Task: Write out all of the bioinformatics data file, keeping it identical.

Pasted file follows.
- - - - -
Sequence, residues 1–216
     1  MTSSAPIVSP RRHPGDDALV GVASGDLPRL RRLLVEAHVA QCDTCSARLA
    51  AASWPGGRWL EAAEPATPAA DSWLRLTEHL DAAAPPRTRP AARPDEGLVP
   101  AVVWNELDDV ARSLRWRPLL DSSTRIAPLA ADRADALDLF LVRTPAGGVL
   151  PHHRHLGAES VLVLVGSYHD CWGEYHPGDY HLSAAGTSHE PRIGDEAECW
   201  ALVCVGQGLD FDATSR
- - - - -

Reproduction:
Sequence, residues 1–216
     1  MTSSAPIVSP RRHPGDDALV GVASGDLPRL RRLLVEAHVA QCDTCSARLA
    51  AASWPGGRWL EAAEPATPAA DSWLRLTEHL DAAAPPRTRP AARPDEGLVP
   101  AVVWNELDDV ARSLRWRPLL DSSTRIAPLA ADRADALDLF LVRTPAGGVL
   151  PHHRHLGAES VLVLVGSYHD CWGEYHPGDY HLSAAGTSHE PRIGDEAECW
   201  ALVCVGQGLD FDATSR